A good night’s sleep for adolescents is important for a healthy body and mind. This is especially true for those teenagers who stay up and go to sleep late at night and wake up late in the morning as they they suffer more from asthma and allergies as compared to early sleepers, says a recent study published in the European Respiratory Journal.
Teenagers who prefer to stay up late and wake later in the morning are more likely to suffer with #asthma and allergies compared to those who sleep and wake earlier, according to a study published today in ERJ Open Research: https://t.co/SDNtuxb5yO @ERSpublications pic.twitter.com/pXPhzxMcUS
— ERS (@EuroRespSoc) July 6, 2020
It is the first study that has been held to determine the differences among different sleep patterns of adolescents and the risk of catching asthma and allergies in their early teens.
Asthma is a chronic inflammatory lung disease that results in obstruction in airways. The condition is characterized by symptoms of cough, wheezing, chest tightness, shortness of breath, difficulty in breathing, and night cough. Asthma is the most common among young children. The number of cases is rapidly increasing among kids and adolescents. It is 14.1% prevalent in the adolescent age group, according to the National Library of Medicine_ National Center for Biotechnology Information (NCBI).
The study lead researcher Dr. Subhabrata Moitra and his team collected a sample from West Bengal, India. The data has consisted of 1,685 adolescents with a mean age of 16. All the study participants took part in the study labeled as “Prevalence and Risk Factors of Asthma and Allergy-Related Diseases among Adolescents” (PERFORMANCE) study. The study was approved by the Clinical Research Ethics Committee of Allergy & Asthma Research Centre, Kolkata.
The team administered an English-back Bengali translated version of the International Study of Asthma and Allergy in Childhood (ISAAC) Phase III questionnaire which is a video questionnaire on asthma-related symptoms which is strongly recommended for young children.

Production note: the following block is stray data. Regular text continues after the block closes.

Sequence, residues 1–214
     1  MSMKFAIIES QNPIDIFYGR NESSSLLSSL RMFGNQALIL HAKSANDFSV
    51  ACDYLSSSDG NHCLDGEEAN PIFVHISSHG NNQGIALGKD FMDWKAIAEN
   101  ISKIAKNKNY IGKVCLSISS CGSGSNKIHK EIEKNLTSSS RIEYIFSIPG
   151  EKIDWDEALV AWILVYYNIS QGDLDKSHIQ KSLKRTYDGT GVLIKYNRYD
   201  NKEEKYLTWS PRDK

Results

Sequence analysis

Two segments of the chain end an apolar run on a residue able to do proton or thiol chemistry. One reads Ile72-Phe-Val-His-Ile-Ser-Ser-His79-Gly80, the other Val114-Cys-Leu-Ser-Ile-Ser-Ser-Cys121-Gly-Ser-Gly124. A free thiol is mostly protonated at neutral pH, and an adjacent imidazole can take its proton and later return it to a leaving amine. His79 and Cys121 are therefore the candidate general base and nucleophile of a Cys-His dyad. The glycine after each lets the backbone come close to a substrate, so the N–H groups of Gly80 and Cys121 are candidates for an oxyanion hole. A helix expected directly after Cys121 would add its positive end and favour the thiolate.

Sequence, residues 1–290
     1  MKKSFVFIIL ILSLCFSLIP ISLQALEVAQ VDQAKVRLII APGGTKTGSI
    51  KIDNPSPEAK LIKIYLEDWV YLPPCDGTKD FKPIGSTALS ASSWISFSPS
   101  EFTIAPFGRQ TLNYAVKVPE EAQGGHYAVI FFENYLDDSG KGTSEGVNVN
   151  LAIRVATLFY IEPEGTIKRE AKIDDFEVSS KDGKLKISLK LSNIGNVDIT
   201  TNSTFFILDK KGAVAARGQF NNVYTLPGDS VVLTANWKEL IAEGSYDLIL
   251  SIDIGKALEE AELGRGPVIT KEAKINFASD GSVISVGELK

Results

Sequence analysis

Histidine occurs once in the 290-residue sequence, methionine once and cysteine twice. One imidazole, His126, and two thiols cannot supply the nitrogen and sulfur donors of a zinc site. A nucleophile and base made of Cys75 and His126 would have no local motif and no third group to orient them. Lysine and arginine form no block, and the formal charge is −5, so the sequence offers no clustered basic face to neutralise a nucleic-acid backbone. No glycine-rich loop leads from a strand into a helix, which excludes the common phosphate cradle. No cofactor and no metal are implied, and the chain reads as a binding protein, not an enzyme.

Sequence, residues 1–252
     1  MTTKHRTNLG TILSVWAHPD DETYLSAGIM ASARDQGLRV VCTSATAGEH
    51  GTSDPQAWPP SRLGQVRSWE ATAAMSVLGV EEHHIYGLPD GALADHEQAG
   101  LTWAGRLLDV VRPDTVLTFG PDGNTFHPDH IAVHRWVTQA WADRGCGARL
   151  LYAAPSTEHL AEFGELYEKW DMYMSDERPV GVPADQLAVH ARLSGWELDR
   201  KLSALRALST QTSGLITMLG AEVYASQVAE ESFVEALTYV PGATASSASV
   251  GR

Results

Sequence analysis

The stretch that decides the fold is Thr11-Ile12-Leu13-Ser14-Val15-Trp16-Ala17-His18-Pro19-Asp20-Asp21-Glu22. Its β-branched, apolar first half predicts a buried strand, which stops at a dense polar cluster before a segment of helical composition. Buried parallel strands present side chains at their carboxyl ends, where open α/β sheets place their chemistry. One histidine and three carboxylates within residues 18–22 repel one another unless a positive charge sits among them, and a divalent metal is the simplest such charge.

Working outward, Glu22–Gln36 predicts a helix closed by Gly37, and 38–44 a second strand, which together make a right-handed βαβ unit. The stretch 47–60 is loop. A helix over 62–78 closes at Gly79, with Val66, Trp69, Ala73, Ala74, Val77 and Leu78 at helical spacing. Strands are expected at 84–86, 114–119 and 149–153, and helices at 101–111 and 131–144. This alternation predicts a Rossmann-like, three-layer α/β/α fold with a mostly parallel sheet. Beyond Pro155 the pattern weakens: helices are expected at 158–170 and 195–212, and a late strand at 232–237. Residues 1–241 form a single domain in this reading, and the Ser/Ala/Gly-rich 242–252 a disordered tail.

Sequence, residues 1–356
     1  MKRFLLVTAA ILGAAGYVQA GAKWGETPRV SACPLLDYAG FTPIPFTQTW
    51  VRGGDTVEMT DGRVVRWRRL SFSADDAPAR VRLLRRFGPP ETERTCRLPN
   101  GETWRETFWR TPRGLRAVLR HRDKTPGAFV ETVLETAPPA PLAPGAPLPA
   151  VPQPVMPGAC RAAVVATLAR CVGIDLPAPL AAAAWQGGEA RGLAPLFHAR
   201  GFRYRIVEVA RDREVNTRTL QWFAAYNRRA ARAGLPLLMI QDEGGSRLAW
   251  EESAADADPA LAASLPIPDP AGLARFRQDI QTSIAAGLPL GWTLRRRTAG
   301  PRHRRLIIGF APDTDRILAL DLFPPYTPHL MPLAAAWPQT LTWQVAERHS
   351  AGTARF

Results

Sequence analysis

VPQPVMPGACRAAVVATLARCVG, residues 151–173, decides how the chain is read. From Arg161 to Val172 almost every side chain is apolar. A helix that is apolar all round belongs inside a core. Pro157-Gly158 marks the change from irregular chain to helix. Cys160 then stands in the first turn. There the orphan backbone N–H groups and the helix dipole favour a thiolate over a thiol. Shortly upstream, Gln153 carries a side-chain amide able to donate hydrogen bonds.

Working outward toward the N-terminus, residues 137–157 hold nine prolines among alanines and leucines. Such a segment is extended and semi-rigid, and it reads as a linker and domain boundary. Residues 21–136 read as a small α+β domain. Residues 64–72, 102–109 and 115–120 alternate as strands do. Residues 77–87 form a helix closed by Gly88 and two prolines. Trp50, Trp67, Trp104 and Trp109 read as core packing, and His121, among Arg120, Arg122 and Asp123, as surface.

Through ISAAC, the team measured the demographics and community characteristics of the study participants including age, gender, race, ethnicity, information about surroundings whether someone smoke near them or not. ISAAC also measured the children’s respiratory symptoms including wheezing, asthma, rhinitis that can be defined as inflammation and swelling in the mucous membrane of the nose due to seasonal allergy results in runny nose and sneezing. Another condition that can be measured by ISAAC is rhinoconjunctivitis which is characterized by a runny nose, nasal congestion, sneezing, and itching in nose and eyes.
Each respiratory symptom was asked using both “ever” for a positive response to the question “have you ever had that symptom?” and “current” if the participant also reported previous experience of having that symptom within the last 12 months.
The investigators also used a validated Bengali version of the reduced Morningness–Eveningness Questionnaire (rMEQ) which is used to determine the chronotypes which can be referred to as if the kids were evening type or morning type or in between.
Chronotype Findings: Later, the researchers did a comparison between the respiratory symptoms and chronotypes of each participant. They found out that 42% and 9% of the sample were lying under morning and evening chronotype, respectively. Whereas, 49% of the whole sample was identified as in between type.
Respiratory Health Findings: A total of 21% and 11% of the study sample had experienced rhinitis and asthma, respectively and 13% of the participants had experienced wheezing. The team also found that 38% of the whole study sample had encountered second-hand smoking that can be a major cause of catching asthma.
Dr. Moitra from the division of pulmonary medicine at the University of Alberta said: “Our results suggest there’s a link between preferred sleep time, and asthma and allergies in teenagers. We can’t be certain that staying up late is causing asthma, but we know that the sleep hormone melatonin is often out of sync in late-sleepers and that could, in turn, be influencing teenagers’ allergic response.
It was the first study on adolescents to determine a link between sleep patterns and respiratory health outcomes. Therefore, there is a need for more work that can identify the reasons behind the rising numbers of cases of kids having asthma and other respiratory illnesses. So, a second phase of the current study will be held between 2028 to 2029 for the better understanding of the outcomes.